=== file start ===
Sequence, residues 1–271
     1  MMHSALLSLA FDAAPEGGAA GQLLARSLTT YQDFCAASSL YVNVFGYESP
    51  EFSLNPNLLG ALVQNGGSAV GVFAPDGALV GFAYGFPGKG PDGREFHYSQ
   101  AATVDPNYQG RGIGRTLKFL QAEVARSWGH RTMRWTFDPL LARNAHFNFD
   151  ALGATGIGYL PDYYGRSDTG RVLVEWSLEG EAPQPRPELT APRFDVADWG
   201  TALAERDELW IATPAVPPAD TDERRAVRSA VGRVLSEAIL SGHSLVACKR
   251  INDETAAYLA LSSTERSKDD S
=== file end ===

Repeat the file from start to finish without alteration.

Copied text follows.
Sequence, residues 1–271
     1  MMHSALLSLA FDAAPEGGAA GQLLARSLTT YQDFCAASSL YVNVFGYESP
    51  EFSLNPNLLG ALVQNGGSAV GVFAPDGALV GFAYGFPGKG PDGREFHYSQ
   101  AATVDPNYQG RGIGRTLKFL QAEVARSWGH RTMRWTFDPL LARNAHFNFD
   151  ALGATGIGYL PDYYGRSDTG RVLVEWSLEG EAPQPRPELT APRFDVADWG
   201  TALAERDELW IATPAVPPAD TDERRAVRSA VGRVLSEAIL SGHSLVACKR
   251  INDETAAYLA LSSTERSKDD S